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Read the passage from 3.1 below closely.  Color mark the passage as you usually would, but also spend some time looking at punctuation and other elements important to understanding Shakespeare better; use your "Getting to Know Shakespeare" guide as a reference.

Hamlet, Act 3, scene 1, lines 64-98

Hamlet’s 3rd Soliloquy

HAMLET

To be, or not to be—that is the question:
Whether 'tis nobler in the mind to suffer
The slings and arrows of outrageous fortune,
Or to take arms against a sea of troubles
And, by opposing end them. To die, to sleep

No more—and by a sleep to say we end
The heartache and the thousand natural shocks
That flesh is heir to—'tis a consummation
Devoutly to be wished. To die, to sleep

To sleep, perchance to dream. Ay, there's the rub,
For in that sleep of death what dreams may come,
When we have shuffled off this mortal coil,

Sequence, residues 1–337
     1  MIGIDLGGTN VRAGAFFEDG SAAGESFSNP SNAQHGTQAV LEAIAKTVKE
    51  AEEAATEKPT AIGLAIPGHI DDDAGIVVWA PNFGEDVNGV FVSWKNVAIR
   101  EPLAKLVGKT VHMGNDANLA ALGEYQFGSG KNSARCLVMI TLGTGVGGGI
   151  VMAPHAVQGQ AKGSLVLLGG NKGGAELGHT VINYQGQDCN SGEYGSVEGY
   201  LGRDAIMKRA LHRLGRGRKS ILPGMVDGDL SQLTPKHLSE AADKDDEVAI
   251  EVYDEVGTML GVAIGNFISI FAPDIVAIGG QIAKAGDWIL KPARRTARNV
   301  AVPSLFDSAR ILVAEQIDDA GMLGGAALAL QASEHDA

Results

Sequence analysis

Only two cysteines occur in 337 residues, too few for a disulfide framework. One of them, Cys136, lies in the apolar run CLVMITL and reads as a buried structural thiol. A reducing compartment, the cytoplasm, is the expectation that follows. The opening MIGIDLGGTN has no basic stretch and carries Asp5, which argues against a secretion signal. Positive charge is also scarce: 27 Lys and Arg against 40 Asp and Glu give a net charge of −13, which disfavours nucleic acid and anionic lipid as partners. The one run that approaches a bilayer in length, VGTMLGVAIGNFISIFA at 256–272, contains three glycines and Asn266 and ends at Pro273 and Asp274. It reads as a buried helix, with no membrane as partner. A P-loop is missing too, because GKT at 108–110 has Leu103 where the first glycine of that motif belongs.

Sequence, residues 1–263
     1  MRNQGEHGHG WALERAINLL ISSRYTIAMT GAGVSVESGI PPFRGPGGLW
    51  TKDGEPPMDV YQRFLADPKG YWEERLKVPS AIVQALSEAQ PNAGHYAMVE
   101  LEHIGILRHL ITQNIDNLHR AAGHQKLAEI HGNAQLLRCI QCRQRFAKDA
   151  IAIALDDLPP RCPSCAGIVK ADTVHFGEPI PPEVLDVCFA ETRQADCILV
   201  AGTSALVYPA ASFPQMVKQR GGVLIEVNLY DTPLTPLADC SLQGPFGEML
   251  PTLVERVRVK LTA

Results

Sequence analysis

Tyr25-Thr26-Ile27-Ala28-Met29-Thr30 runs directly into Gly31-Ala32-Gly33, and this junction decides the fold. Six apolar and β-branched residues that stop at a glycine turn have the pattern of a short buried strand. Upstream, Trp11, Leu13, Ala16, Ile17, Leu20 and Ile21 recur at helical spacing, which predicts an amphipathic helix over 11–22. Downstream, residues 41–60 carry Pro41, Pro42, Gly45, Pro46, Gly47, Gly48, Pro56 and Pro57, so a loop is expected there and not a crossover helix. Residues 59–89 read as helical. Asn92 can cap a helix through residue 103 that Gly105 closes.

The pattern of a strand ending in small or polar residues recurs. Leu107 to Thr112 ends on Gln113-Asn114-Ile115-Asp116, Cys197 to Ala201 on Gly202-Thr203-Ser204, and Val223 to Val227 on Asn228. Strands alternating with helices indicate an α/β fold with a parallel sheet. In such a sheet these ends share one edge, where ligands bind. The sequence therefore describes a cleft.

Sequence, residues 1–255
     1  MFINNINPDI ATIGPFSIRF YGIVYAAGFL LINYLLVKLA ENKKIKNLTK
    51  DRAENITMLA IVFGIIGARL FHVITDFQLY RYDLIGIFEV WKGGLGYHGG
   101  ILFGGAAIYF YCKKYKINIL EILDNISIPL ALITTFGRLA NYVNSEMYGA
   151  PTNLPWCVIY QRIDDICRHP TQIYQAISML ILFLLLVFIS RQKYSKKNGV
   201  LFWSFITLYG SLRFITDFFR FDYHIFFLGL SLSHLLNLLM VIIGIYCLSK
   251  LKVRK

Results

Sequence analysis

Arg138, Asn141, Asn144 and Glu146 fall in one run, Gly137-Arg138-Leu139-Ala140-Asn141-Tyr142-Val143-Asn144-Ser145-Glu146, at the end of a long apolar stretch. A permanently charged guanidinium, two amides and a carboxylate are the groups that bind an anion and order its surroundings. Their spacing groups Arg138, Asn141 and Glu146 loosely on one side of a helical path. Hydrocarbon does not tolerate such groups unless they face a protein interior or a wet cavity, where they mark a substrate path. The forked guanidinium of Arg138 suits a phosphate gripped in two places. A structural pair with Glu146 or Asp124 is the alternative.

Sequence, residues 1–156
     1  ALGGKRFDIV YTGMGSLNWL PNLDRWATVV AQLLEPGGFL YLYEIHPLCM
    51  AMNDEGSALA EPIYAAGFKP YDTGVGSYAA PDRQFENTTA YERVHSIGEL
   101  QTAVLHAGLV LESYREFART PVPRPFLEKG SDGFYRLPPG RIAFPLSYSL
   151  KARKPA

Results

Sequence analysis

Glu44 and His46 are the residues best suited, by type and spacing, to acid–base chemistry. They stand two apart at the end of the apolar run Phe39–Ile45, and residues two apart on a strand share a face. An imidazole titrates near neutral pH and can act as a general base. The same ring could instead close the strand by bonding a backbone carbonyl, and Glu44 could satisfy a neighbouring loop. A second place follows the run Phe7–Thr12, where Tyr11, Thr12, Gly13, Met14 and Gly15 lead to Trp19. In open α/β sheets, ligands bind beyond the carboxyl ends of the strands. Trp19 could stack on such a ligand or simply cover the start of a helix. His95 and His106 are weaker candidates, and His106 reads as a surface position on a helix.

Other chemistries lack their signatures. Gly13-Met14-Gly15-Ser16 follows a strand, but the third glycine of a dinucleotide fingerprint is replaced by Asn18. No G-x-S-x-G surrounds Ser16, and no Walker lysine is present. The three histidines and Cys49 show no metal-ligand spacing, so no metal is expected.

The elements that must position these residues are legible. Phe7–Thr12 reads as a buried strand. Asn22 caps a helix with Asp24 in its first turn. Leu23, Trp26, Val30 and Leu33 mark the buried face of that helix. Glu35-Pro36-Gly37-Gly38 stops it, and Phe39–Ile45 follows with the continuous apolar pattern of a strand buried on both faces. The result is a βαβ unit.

Must give us pause.  There's the respect
That makes calamity of so long life.
For who would bear the whips and scorns of time,
Th’ oppressor's wrong, the proud man's contumely,
The pangs of despised love, the law's delay,
The insolence of office, and the spurns
That patient merit of th’ unworthy takes,
When he himself might his quietus make
With a bare bodkin? who would fardels bear,
To grunt and sweat under a weary life,
But that the dread of something after death,
The undiscovered country from whose bourn
No traveler returns, puzzles the will
And makes us rather bear those ills we have
Than fly to others that we know not of?
Thus conscience does make cowards of us all,
And thus the native hue of resolution
Is sicklied o'er with the pale cast of thought,
And enterprises of great pith and moment
With this regard their currents turn awry,
And lose the name of action.—Soft you now,
The fair Ophelia!—Nymph, in thy orisons
Be all my sins remembered.